13 JULY 1850, Page 13


.A..GBFAT improvement is announced', in the intention to divide the office of Lord Chancellor into two parts, severally devoted to the political and the strictly judicial functions of that Minister. Ten years' study of this reform ought to have prepared Lord John Russell for makrag it effectual when it does come. But it would be de- sirable to consider with it a further reform, whipli should create a new but much needed office—that of Minister 'of Justice. This suggestion received the distinct and emphatic fipproval of Lord Langdale?, irt his evidence before the Fees Committee of the Cora- mon.s,,isi 1848; and it is usefully revived and 'enforced now by a pamphlet of that year, to which Mr. Commissioner Fane, the writer, has given renewed circulation.* The functions of such a Minister are In part.porformed by the Secretary of State for Home Affairs, but its duties are really divided between him, the Lord Chancellor, and the - Attorney-General; leaving very much alto-

gether neglected. '

"The only instrument of legislation is Parliament ; and; as there is no Minister whose peculiar and exclusive duty it is to consider, mature, and bring before Parliament all proper amendment of the law, and there is no one man, or class of men, whose peouliar and recognized duty it is to frame those acts of the Legislature by which amendments are to be effected, our legisla- tion is really and truly haphazard legislation. It is mere matter of chance what measures shall be brought forward, and equally so whether the legis- lative language shall be intelligible or nonsensical. "It may be said this is not true. The Lord Chancellor is the Minister of Justice, and all bills bronght into Parliament bear the endorsement of particu- lar Members, who are responsible for the language of the bill. But is the Lord Chancellor' the Minister of Justice ? We profess to have the same knowledge of the constitution that the educated classes generally possess, and we protest we do not kneiw whether the Lord Chancellor is the Minister of

*Ministry of Justice: its Necessity as an Instrument of Law Reform. By C. rane, Esq., one of the Commissioners of her Majesty's Court of Bankruptcy.

Justice, or not. To us it seems that the assertion that the Home Secretary is the Minister of Justice, sounds at least as plausible as that the Lord Chan- cellor is. Now surely, it is a strange state of things, if persons of education, upon being asked by a foreigner, who was the Minister of Justice in Eng- land, should be unable to answer the question plainly and positively : yet we confess we should hardly know what answer to give."

The difficulty will be increased if the Irish duties should be placed, according to Sir Robert Peel's suggestion, in the hands of the English Home Secretary: but the sketch of a plan is before us for combining the three reforms—the abolition of the Irish Lord-Lieutenant, the division of the Chancellorship, and the crea- tion of a Justice Minister.

"1. If the fourth Secretary of State were made Secretary of State for the affairs of Justice, as proposed by Lord Langdale, (see his Lordship's evidence, Fees Committee, H. of Corn., 7 Feb. 1948, QQ. 1427-29, 30, 1491 to 1500,) he might superintend the whole administration of justice, both in England and Ireland. The preparation of new laws for the better administration of justice would naturally belong to his department.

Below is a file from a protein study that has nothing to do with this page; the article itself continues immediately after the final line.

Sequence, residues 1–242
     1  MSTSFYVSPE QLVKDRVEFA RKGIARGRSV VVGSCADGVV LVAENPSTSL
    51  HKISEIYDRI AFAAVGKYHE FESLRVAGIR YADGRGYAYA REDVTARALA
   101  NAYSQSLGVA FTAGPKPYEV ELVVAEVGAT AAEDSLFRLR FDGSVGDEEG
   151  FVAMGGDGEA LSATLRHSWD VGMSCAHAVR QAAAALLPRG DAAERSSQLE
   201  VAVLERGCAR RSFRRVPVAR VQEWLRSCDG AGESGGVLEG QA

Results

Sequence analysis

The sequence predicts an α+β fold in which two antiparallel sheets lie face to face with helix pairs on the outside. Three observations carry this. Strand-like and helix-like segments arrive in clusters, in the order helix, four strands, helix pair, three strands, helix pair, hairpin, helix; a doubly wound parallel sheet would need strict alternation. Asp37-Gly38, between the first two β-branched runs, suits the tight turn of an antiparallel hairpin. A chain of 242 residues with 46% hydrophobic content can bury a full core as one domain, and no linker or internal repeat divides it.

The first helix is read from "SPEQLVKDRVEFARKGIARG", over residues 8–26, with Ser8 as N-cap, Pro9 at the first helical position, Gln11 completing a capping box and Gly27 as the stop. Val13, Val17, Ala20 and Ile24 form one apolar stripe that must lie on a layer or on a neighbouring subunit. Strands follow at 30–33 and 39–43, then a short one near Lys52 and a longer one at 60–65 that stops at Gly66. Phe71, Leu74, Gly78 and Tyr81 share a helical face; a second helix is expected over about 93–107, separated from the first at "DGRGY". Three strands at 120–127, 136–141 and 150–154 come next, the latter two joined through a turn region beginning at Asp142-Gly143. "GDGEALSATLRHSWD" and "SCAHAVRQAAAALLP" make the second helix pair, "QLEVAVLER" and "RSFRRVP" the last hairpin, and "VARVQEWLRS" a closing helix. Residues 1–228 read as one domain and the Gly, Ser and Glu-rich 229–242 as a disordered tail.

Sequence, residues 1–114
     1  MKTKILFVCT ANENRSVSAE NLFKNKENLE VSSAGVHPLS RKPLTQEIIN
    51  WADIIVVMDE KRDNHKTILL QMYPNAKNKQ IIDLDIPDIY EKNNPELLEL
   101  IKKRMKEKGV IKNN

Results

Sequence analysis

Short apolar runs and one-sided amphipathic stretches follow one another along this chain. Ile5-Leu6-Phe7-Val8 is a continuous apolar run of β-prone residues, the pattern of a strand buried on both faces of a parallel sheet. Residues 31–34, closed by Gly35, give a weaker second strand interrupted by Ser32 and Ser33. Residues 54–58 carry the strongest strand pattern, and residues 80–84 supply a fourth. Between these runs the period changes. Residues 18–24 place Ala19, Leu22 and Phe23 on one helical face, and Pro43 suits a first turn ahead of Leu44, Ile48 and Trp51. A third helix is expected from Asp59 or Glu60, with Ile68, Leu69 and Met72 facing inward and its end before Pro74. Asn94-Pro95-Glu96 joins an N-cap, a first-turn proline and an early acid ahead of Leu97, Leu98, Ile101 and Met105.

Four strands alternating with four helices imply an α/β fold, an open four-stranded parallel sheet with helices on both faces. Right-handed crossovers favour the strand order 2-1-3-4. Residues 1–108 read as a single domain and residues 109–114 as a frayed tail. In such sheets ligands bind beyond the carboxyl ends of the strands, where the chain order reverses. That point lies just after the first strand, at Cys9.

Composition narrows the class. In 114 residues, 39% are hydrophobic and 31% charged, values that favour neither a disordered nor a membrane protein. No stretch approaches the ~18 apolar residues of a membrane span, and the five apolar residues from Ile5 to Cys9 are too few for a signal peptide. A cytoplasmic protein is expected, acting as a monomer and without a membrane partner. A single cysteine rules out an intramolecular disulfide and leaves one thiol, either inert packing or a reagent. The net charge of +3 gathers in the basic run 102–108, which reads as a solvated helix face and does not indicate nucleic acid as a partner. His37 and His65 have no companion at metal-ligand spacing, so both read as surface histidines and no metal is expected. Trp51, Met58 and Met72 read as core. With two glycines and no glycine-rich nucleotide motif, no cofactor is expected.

"2. If the above arrangement were made, it would withdraw a large por- tion of its business from the office of Secretary of State for the Home De- partment ; and then that department might act for Ireland as well as Eng- land.

" These arrangements would tend to consolidate the union between England and Ireland. A Secretary of State exclusively for Irish affairs, seems incon- sistent with the notion of an entire union between the two countries.

"3. It is assumed that the head of the Court of Chancery will be a judicial officer only. His position, though higher than that of the Lord Chief Justice of the Queen's Bench, would be analogous to it.

"4. If it is essential that an eminent lawyer should assist at Cabinet deli- berations, the Attorney-General might be a Cabinet Minister. It see= fitter that the most eminent counsel should be consulted on Cabinet questions than the most eminent judge.. "5. It has long been doubted, whether the ultimate appellate jurisdic- tion should remain vested in the House of Lords, or be transferred to the Judicial Committee of the Privy Council. But, whatever tribunal may be made the ultimate Court of Appeal, it seems clear that such Court should have a permanent President. Every Judge of the Superior Courts might be made a member of the Court ; and the President might summon, from time to time, such members as seemed to him most likely to give valuable as- sistance, having regard to the subject in debate. Under such an arrange- ment, if the arrear of appeals became considerable, the Judicial Committee might form itself into two tribunals, the second having a President appointed for the occasion.

"6 Such of the patronage of the Lord Chancellor as concerns the adminis- tration of justice, might be transferred to the Secretary of State for the affairs of Justice and such as concerns the Church to the Prime Minister. "7. lie House of Lords might choose its own Speaker, or the President of the ultimate Court of Appeal might act as such."

When Sir Robert Peel, three weeks ago, was discussing the abolition of the Lord-Lieutenancy and the remodelling of the lime Secretaryship, some such idea may have been present to his pro- vident mind. The measure has indeed, for our present Ministry, the disadvantage of being eminently " comprehensive " • but then it is also eminently compact, it is supported by the highest sanc- tion, and it could now be carried out with the most valuable as- sistance.